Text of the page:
A brokerage firm Mr. Peizer contacted to draft the trading plan told him he would have to wait 30 days to begin selling, according to the SEC’s lawsuit. Mr. Peizer refused to work with that broker-dealer and instead approached another company who said he didn’t have to wait to start selling, the SEC’s lawsuit said. Mr. Peizer claimed at the time that he had no material non-public information, the court’s complaint said.

The second brokerage firm began selling Mr. Peizer’s shares the day after the plan was drawn up, the indictment said.

According to the indictment and the securities filings, Mr. Peizer created a second trading plan on August 13, 2021. He made his first trade under that plan three days later, when he sold 15,000 shares at an average price of $21.98, according to data from research firm VerityData.

A few days after he started trading – on August 19 – Ontrak announced that it had lost a second major client whose contract was worth $90 million over three years. Ontrak later confirmed that the customer was Cigna. The news sent Ontrak’s shares up 45% to $11.68, according to FactSet. Mr. Peizer sold 45,000 shares in August during three days before the unveiling, according to VerityData.

In total, Mr. Peizer sold approximately $24 million of Ontrak stock under 10b5-1 plans in 2021 as the stock fell from $32 in May to less than $10 in Fall 2021. The stock now trades below $ 1.

His trading according to the plans saved him from losing more than $12 million, according to the indictment, which was returned by Los Angeles federal court.

Glenn Leon, chief of the Justice Department’s fraud division, said Wednesday at the American Bar Association conference in Miami that prosecutors were investigating Mr. Peizer using analytic tools that allowed them to search data for suspicious transactions by executives using 10b5-1 plans.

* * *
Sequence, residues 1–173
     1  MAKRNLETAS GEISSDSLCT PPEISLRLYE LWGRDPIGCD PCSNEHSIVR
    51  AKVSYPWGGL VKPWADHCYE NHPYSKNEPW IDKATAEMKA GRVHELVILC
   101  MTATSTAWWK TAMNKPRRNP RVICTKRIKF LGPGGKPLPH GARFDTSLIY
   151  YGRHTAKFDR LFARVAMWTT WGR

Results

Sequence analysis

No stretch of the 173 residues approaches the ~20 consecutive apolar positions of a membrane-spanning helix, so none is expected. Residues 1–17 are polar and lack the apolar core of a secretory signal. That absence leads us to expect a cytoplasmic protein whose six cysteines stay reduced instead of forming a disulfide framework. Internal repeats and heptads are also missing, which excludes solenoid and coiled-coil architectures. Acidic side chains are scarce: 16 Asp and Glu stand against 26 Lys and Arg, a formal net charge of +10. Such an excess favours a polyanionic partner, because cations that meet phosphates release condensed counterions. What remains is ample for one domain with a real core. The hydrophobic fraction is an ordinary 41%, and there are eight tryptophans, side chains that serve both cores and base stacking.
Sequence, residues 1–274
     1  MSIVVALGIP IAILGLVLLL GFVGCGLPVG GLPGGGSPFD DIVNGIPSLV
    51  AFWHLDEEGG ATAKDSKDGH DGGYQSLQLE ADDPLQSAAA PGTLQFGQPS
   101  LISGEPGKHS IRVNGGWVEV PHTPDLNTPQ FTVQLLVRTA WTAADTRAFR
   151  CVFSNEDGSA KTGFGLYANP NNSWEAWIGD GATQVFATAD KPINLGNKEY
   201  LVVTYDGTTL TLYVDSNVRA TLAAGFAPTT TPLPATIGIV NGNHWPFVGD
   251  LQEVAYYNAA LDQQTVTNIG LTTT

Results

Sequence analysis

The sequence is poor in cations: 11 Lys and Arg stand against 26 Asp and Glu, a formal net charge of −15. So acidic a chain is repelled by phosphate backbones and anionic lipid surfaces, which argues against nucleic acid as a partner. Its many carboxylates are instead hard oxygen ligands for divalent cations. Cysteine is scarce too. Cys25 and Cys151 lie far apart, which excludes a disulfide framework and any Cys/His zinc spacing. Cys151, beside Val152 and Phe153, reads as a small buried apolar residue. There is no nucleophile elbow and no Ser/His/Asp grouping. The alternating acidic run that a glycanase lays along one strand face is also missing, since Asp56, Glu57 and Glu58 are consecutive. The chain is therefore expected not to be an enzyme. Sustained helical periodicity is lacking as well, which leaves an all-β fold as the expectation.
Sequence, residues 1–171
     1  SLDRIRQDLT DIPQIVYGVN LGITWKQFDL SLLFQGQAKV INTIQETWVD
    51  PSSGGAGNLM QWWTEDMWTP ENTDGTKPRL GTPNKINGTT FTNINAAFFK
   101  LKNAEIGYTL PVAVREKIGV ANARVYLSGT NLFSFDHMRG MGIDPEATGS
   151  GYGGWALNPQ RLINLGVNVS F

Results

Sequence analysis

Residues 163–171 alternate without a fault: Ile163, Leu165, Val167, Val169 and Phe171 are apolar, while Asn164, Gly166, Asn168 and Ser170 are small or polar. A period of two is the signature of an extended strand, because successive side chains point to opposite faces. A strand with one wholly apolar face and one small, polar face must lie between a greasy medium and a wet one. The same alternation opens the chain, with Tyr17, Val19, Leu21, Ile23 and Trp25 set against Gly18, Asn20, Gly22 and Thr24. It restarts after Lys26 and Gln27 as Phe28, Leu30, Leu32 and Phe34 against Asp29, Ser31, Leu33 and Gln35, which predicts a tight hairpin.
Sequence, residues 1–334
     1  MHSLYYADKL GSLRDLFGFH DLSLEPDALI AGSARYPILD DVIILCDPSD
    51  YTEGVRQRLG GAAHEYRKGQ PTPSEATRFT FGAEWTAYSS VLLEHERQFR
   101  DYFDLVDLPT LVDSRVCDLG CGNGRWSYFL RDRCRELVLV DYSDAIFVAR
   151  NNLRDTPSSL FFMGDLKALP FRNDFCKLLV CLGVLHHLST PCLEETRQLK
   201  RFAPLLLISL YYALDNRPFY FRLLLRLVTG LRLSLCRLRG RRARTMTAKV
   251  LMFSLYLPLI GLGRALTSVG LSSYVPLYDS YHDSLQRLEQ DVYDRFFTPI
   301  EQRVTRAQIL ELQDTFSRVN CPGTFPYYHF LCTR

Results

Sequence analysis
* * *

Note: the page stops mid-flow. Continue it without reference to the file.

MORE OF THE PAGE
The name for the trading plans stems from a rule that the SEC passed in 2000 known as Rule 10b5-1. It provided a safe haven for company insiders to trade legally as long as they drafted the plan while not in possession of material non-public information. The SEC says the more time elapses between when the plan is created and when an executive begins trading, the less likely the trader is to benefit from material non-public information.

However, the rule had its shortcomings. Some insiders sold shares less than a month after they approved their plans, or started new plans just before the earnings announcement. Another approach was to adopt multiple 10b5-1 plans and later selectively cancel those that would not work in the insider’s favor.

In December, the SEC updated Rule 10b5-1 to add stricter requirements, such as a cooling-off period of at least 90 days after a plan is adopted or amended. Executives cannot trade during that period. Companies had to start complying with the revised regulations on Monday.

During an interview at the Miami conference on Wednesday, SEC Enforcement Director Gurbir Grewal said regulators had seen “a lot of abuse” of 10b5-1 plans, which motivated the decision to update the rules. But the new rules won’t stop regulators from looking back at cases where executives may have abused trading plans, he said.

“If there is historical behavior that was against the rules as they were, we will bring those cases forward,” said Mr Grewal.

Write to Dave Michaels at

Corrections and reinforcements
Mr. Peizer created a second trading plan on August 13, 2021, according to the indictment and securities filings, and made his first trade under that plan three days later, according to VerityData. An earlier version of this article erroneously said that he did so on August 11 and made his first trade under the plan five days later. (Corrected March 1)